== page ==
Former Irrational Games Developer Publishes Tell-All About 2K Games

A former developer at Irrational Games has published a tell-all about what went down with the studio before its downsizing to just 15 core developers. The developer, who wishes to remain anonymous, says that it wasn’t Ken Levine’s fault that several Irrational Games studios were closed, and that 2K Games tried very hard to save his employees.

Irrational Games, which was purchased by 2K Games way back in 2005, went through rebranding multiple times, seemingly without reason.

He also discloses how several of these satellite studios were shuttered to pay for 2K Games’ new Novato, California offices, Hangar 13, which developed the recent Mafia III. The studios had produced profitable titles, including Bioshock 2, Bioshock Infinite, and Borderlands: The Pre-Sequel. According to the developer, the game needs 8 million copies to break even, but has only sold less than a million copies thus far—a massive loss for the publisher.

“Instead the studios were dismantled, one way or another, by 2K,” he writes. “Is this really how a studio acquisition is supposed to go? Pay millions for a talented independent studio, let the people make you giant profits for a decade, and then shut all those people out of jobs before they get the chance to make you more money? Sounds like grave management incompetence to me.”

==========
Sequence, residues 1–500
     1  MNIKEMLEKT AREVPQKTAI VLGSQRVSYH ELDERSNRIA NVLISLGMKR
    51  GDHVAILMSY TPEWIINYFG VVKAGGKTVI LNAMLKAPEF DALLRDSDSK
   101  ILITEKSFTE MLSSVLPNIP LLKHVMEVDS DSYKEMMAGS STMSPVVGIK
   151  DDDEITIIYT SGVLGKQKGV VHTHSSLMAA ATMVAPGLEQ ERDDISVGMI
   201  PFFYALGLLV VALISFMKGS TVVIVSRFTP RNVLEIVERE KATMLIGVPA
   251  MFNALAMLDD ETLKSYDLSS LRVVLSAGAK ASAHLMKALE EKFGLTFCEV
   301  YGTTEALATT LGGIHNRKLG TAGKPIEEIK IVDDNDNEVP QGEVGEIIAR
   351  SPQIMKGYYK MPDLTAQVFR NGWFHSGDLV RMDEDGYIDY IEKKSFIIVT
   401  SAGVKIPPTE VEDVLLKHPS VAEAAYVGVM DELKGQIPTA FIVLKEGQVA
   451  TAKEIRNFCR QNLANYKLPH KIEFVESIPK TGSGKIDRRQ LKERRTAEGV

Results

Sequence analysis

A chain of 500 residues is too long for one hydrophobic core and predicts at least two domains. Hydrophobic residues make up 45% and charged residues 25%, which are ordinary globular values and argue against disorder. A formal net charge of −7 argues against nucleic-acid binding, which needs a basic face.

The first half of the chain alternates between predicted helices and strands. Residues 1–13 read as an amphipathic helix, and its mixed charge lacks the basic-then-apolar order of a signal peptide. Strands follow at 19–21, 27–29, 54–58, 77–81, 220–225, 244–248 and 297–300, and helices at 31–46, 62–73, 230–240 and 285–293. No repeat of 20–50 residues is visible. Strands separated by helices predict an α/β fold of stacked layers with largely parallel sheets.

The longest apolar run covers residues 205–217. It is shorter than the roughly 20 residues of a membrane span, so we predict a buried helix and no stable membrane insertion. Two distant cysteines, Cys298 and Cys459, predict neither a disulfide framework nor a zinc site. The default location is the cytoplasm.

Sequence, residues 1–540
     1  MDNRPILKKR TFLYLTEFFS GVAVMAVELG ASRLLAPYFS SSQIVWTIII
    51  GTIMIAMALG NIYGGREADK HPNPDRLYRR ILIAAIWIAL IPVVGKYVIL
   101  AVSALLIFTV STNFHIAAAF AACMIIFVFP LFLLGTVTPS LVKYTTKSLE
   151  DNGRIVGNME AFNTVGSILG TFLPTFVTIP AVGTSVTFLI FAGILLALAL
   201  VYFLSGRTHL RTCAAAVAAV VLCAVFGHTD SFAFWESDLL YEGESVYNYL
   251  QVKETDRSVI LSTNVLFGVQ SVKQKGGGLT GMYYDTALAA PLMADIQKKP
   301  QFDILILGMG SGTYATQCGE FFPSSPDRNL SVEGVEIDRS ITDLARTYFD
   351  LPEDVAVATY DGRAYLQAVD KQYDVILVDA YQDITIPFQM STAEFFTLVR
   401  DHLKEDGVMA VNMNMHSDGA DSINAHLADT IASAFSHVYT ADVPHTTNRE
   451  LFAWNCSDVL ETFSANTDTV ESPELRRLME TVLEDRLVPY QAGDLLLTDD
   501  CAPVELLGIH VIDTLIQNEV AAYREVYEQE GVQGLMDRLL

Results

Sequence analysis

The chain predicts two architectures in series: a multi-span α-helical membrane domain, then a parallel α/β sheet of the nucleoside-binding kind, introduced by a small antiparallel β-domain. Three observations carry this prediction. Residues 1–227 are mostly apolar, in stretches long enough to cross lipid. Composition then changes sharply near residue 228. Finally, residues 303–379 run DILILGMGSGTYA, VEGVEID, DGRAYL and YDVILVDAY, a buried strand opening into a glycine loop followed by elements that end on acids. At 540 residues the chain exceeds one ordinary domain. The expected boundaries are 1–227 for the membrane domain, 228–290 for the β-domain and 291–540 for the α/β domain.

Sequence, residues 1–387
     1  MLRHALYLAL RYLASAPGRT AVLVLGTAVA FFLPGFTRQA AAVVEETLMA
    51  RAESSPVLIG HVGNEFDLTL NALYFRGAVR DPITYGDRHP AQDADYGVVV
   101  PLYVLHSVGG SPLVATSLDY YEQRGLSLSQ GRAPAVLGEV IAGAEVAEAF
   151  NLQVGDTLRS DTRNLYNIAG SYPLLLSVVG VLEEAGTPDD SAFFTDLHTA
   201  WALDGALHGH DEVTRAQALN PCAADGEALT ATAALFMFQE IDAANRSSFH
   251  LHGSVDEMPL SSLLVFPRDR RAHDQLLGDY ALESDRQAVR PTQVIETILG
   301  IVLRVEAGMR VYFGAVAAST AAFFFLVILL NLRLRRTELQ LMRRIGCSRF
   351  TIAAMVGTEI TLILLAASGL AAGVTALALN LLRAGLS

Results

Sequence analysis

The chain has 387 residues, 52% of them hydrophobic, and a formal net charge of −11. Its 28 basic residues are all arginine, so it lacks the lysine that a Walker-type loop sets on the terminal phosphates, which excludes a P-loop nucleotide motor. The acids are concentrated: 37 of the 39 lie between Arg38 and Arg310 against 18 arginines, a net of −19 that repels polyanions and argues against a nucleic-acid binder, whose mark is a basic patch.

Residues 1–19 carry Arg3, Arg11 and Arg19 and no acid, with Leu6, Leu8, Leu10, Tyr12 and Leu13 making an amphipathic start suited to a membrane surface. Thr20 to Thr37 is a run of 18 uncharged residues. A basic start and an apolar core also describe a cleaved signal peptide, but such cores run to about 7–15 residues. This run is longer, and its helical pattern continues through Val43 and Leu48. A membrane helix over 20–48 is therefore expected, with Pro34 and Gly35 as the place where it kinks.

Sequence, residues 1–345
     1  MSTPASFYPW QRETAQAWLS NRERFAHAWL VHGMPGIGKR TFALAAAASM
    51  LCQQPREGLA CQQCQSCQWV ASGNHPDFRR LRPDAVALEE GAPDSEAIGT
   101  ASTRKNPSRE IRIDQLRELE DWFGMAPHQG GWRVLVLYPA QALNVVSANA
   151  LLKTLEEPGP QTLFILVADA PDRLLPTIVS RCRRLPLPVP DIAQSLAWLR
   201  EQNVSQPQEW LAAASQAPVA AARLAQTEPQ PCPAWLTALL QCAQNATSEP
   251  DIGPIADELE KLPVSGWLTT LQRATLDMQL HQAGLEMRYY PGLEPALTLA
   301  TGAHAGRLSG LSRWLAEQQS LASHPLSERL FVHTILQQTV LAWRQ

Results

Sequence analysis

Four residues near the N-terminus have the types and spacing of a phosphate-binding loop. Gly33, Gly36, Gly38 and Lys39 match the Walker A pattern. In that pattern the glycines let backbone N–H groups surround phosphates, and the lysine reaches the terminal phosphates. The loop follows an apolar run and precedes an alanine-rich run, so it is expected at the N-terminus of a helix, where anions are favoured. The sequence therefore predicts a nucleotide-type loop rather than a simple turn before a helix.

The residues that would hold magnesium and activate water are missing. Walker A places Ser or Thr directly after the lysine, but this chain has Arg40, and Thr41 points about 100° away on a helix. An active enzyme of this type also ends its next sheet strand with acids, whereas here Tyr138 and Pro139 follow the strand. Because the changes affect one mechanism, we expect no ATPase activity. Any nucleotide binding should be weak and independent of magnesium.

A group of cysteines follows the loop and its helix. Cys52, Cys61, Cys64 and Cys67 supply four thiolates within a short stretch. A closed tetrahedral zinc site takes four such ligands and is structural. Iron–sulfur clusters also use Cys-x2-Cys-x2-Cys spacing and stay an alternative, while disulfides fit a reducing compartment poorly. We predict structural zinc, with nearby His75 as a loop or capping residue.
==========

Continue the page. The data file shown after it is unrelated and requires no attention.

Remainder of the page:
The developer also writes about how meddling from the management at 2K Games caused games like The Bureau: XCOM Declassified to be as bad as it was.

“By the way, does anyone know why XCOM tanked? I know — I was there: It is because out of the above titles, it is the only title where 2K HQ felt obliged to get their hands dirty with the development,” writes the developer. “They turned the product around several times for reboots, and completely took creative control out of the hands of the developers, even going so far as to change the name of the lead studio to “2K Marin, Australia” — just so the Australian studio knew they were no longer in charge.”

It’s worth a read.